- Prepare and send any guest articles or marketing material you promised to other bloggers, authors or reviewers, so it is all done in advance
- Prepare or commission any promotional images or advertising that you need
One week before ‘official' launch
It's a good idea to do a soft launch in order to sort out your metadata and get initial reviews, before telling the wider world that your book is available. This is harder if you have set up pre-orders, but it's worth scheduling any promotional spike activities for at least a week after the book is on sale to make sure everything is working correctly.
This is especially useful if you are new to self-publishing, because you're not used to the way things work, and it takes a few hours for changes to go through.
Add your links to your book page and Goodreads and any other sites like BookBub. I use BookLinker.net to create a global URL for Amazon that includes my affiliate tags, but you can also set up a universal link at www.books2read.com
Claim your book through Amazon Author Central, so it is linked to your author name
Reformat or tweak your sales description to make it look good and add any extra metadata. Check your pricing and the Look Inside.
Buy your book so you can check for any issues with interior formatting. You can always upload a new version if there are problems.
Email your Street Team or early reviewers and remind them to add early reviews.
On launch day
Drive readers to your book sales page. This might include:
- Emailing your list with buy links
- Using Facebook ads, Amazon ads or other paid advertising
- Scheduling a promotion on email blast sites
- Adding images and quotes on social media
- Collaborating with other authors for co-promotion on social media, competitions, giveaways or email lists
- Doing podcasts and guest posts around your book. This is still very effective for non-fiction in particular
- PR and media appearances
- Live events and speaking
Basically, anything else you can think of that will get your book some attention when it goes live.
You can also encourage your audience to buy in launch week by offering a lower price or bonuses for a limited time. Building your list is the best way to control sales to readers who love your work. Offering it to them at a lower price for an initial period is both a reward for supporting you and a way to ensure sales in a specific period. For example, a full-price novel at $4.99 could launch to your list at 99c for three days before you raise the price.
Have a book launch party or event
Many authors dream of the book launch party: Champagne, toasts to the literary genius and crowds of eager readers buying hundreds of books. But in reality, the book launch party is more about rewarding yourself for a job well done, a celebration of a goal achieved, rather than a way of marketing and selling your book.
If you're going to have one, then fantastic! Make sure your friends come along and have a great time, sign some books and enjoy yourself. Take lots of pictures and share them on social media. Maybe even hire a pro photographer to make sure you get some good shots to use in your marketing, but understand that the launch party is not a book marketing technique, but more of a fun time to celebrate.
I've never had a physical book launch party, but one day when I have written more books and achieved my own definition of success, I intend to have more of an author career celebration when I will spend some serious money and have a serious party. Bring it on!
You could also put on a useful or entertaining event that just happens to have a book launch incorporated.
Non-fiction author Trevor Young did a social media strategy event for entrepreneurs featuring a panel of well-known bloggers giving valuable advice. As part of the evening, Trevor also launched his book, MicroDomination. People came for the event but left with a copy of his new book.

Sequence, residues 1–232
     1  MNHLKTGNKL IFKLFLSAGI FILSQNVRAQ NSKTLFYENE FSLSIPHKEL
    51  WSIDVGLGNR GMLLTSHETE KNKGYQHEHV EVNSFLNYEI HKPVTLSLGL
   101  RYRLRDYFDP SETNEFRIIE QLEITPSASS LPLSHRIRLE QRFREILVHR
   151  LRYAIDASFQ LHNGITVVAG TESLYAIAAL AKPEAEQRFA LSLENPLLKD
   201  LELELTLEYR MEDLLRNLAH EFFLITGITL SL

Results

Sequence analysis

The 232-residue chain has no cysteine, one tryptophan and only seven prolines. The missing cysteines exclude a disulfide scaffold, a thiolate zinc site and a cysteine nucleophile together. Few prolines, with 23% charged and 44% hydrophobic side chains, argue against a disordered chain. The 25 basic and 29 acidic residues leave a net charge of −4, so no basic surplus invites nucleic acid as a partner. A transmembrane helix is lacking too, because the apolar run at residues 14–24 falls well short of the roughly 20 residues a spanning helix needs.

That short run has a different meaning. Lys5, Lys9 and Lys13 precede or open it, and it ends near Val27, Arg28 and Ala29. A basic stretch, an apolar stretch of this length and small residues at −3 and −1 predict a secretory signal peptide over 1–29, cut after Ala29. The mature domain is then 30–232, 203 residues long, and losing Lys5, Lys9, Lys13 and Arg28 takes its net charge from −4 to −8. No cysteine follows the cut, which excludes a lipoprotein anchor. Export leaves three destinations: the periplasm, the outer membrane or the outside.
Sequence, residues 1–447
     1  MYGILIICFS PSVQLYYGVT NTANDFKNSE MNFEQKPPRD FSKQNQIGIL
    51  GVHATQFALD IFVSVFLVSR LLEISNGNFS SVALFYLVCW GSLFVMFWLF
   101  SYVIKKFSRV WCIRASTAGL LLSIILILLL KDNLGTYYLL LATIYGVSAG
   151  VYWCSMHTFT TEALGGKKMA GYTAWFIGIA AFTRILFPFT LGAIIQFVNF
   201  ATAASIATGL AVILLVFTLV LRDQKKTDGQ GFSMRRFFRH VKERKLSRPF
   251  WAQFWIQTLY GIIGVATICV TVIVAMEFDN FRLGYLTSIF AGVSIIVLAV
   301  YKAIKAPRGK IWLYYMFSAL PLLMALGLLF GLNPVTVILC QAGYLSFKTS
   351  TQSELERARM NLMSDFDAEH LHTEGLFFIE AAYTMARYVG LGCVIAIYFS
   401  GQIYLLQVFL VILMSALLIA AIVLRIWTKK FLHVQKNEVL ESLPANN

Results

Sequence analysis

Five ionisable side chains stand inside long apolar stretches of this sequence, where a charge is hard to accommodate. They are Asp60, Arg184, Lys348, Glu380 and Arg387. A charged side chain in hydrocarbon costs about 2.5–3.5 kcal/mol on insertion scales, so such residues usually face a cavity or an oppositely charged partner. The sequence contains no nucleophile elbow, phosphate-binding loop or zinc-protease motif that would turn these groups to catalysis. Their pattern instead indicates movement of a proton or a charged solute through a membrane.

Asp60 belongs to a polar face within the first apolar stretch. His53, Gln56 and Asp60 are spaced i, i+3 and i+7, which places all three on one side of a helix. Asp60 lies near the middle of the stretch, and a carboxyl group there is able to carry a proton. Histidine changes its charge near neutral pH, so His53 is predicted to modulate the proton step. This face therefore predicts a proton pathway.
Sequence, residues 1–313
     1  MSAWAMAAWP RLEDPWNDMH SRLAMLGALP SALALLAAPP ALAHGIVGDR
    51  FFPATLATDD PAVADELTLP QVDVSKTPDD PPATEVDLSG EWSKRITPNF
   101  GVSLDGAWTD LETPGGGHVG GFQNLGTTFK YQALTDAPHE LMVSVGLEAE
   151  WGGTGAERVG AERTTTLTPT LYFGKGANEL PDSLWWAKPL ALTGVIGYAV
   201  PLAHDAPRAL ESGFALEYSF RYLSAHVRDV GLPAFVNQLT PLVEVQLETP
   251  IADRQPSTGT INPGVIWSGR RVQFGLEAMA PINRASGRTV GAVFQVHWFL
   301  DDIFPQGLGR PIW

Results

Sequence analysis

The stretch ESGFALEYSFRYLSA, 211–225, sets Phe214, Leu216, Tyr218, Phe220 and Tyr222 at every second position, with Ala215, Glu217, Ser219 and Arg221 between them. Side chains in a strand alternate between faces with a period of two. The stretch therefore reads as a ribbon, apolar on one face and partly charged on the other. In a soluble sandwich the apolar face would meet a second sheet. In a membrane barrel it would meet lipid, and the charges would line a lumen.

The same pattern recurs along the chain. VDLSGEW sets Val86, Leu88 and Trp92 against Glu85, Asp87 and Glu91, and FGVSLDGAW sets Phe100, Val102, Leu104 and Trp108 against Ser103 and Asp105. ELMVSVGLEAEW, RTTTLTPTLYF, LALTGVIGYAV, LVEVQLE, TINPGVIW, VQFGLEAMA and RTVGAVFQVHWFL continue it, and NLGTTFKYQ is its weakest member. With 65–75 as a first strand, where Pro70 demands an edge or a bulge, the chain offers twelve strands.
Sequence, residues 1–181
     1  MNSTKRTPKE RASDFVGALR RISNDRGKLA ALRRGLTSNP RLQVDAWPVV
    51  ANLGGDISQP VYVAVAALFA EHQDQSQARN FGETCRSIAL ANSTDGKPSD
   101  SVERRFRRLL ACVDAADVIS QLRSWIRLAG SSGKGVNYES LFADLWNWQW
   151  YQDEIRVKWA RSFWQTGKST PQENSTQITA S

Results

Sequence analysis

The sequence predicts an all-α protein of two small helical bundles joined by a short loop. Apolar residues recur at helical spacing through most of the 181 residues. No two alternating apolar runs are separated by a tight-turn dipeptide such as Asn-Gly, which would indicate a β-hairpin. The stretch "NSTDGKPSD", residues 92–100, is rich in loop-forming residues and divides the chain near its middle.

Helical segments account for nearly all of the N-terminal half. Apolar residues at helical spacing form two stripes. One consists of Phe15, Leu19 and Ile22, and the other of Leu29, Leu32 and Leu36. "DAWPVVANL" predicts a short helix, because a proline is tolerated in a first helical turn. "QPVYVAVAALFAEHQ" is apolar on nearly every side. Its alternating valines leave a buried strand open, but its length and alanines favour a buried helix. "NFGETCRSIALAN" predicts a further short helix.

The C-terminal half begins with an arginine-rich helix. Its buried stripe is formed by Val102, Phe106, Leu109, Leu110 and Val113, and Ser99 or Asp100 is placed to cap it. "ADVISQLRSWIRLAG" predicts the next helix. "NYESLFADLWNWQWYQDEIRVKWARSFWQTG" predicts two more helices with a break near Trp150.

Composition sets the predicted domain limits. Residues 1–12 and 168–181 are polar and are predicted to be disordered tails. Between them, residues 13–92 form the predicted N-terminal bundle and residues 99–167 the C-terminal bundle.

A physical launch event is location-specific and will only impact sales locally. But these days we can sell to a global audience, so doing an online launch is likely to generate more sales.
Some authors have virtual launch parties on Facebook and invite their readers, offering giveaways and gift cards. They spend several hours chatting with fans, creating a party atmosphere that people can join virtually from all over the world.
Online marketing launch activities like articles, interviews, podcasts, and videos will stay online for the long term, so they provide long-tail traffic and hopefully sales into the future.
Take screen prints of your chart position
I have pictures of my books next to Lee Child, Stephen King, James Patterson and other big-name authors that look great as social proof. If you have published direct on platforms like KDP and Kobo, you'll also be able to watch the sales figures spike, although remember that it can take a few hours to kick in.
After the launch
Thank everyone who was involved, including your readers, bloggers and reviewers. Foster those relationships for next time and make sure that you try to help other people out with their launches too.
Write down anything that was particularly effective and anything that was a waste of time or energy. Reflect on your definition of success and what you can learn from the experience, then put some of your long-term marketing activities into place, so your sales continue over time.
Remember, there are many different ways to launch
Earlier this year, a British author had an exclusive launch party on the Grand Canal in Venice, paid for by her publisher. She was in the national press, sold a lot of books and hit the bestseller lists. But that's not the reality of most book launches for most authors.
When I launch a new book, I set up pre-orders, get early reviews from my Street Team, do an email blast and run paid ads over launch week. I focus a lot more on continuous long-term marketing and spike sales of older books than I do on launching new ones.
So make an effort during your launch, but remember, it's just the start of your book marketing journey.
This is an excerpt from How to Market a Book Third Edition, available in ebook, print and audiobook formats.